Low-Profile BrownTactile55cN1.5mmMedium
Low-Profile BlueClicky50cN1.5mmLoud

Gateron low profile switches have a completely different design than a normal switch. Gateron low-profile switches have a different shaped stem and a much short actuation and travel distance. The benefits of this switch design are the fact that they allow a mechanical keyboard to be designed to be thinner and have a shorter actuation distance, which is in theory is faster for gaming.

The shorter actuation in my experience is more uncomfortable to type on, but some enjoy this design because a thinner keyboard may feel easier on their wrists. Others use low-profile switches purely for gaming purposes because of the lower actuation distance, but based on a test that I did, I found no improvement when using a shorter actuation distance for gaming.

Which Gateron Switch is the Best?

The best Gateron switch is based on personal preference. Gateron’s signature is an extremely smooth keystroke, so we recommend trying out one of the Gateron linear switches such as a Red, Yellow, or Black switch. The Gateron ink switches are extra smooth, so we would rank them as the best if we had to choose.

Picking out the best switch is sort of like me picking out your favorite color, everybody has different ideas of what they want from a switch. If you’re looking at Gateron switches though it’s hard to pass up on the linear switches, due to the smoothness. If you’re looking for a tactile or clicky switch there are better switch manufacturers out there that make these switch types better.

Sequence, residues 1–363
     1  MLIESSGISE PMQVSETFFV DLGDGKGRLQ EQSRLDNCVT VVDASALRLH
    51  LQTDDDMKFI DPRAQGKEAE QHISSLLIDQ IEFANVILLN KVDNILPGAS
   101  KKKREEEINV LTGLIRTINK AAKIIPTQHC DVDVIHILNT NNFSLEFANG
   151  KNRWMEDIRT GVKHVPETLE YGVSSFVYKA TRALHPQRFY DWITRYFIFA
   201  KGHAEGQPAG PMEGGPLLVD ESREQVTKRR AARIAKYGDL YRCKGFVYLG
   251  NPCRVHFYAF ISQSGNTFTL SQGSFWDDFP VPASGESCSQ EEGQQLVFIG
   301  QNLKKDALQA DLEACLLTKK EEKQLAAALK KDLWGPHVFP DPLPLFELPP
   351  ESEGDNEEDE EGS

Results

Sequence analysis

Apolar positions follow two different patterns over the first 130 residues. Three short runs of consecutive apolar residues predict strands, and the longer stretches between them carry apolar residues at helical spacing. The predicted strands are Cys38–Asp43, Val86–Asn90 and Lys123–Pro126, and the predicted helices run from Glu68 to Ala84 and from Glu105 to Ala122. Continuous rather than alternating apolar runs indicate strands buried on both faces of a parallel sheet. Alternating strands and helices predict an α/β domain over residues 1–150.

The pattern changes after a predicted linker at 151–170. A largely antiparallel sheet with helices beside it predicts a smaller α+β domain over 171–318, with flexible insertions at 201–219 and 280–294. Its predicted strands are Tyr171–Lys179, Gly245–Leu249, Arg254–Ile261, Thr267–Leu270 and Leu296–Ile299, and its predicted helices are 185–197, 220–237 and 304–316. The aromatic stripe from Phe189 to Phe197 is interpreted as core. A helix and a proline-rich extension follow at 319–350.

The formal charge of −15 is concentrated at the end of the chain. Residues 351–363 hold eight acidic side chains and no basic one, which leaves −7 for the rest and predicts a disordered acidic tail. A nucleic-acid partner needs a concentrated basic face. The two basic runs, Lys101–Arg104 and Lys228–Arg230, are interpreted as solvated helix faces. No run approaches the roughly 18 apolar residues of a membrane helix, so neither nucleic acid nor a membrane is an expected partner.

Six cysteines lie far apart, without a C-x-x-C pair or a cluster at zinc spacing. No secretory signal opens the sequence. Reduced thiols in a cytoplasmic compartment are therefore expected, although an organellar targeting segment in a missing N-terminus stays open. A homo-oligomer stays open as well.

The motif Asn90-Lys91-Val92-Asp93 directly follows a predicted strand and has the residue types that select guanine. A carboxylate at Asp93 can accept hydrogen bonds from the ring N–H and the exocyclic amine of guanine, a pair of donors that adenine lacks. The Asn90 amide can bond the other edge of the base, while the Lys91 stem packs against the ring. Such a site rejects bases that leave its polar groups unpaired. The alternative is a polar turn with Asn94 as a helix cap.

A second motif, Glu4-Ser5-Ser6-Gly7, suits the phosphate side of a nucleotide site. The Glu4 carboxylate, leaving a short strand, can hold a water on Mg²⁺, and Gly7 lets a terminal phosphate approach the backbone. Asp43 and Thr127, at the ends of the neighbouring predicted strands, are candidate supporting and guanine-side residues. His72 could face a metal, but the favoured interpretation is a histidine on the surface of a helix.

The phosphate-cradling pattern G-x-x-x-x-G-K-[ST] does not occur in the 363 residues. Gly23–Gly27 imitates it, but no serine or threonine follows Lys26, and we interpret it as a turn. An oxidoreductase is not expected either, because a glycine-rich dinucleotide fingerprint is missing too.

Key Factors in Choosing your Gateron Switch

Purpose of Usage

Whether you’re a gamer, programmer, typist, or anything else under the sun, you can find a switch that will work for you. There are a few different factors to consider before deciding on a switch.

Environmental Considerations

You might not initially think where you have your keyboard matters much in the way of choosing between types of switches, but it certainly does. Some keyboard switches have a click-clack sound, which may be appealing to your sensibilities, but absolutely annoying to those around you.

Before picking a loud switch, you must consider your surroundings. Where are you using this keyboard? Clicky keys are pleasing for the user, not listeners. Therefore, if you’re looking to replace your keyboard switches, we recommend going with a softer switch like the Gateron Clear or the Gateron Black if you want a heavier feel).

Avoid typing on clicky switches in public spaces such as the office or library, instead limit to strictly home usage (unless they drive your spouse crazy).

The Touch & Sound

The click-clack of a clicky mechanical switch is nostalgic. It takes you back to the 80s and 90s keyboards of yore’. If you need that satisfying punch and resounding ‘click’ as you type, you’ll want to check out Gateron’s clicky switches (Blue or Green).

Understanding the Mechanical Switch Features

As you can see in the Gateron mechanical switch comparison chart, there are multiple discerning features to each switch. It’s important to understand what each means in order to best choose the Gateron switches most suitable to your needs.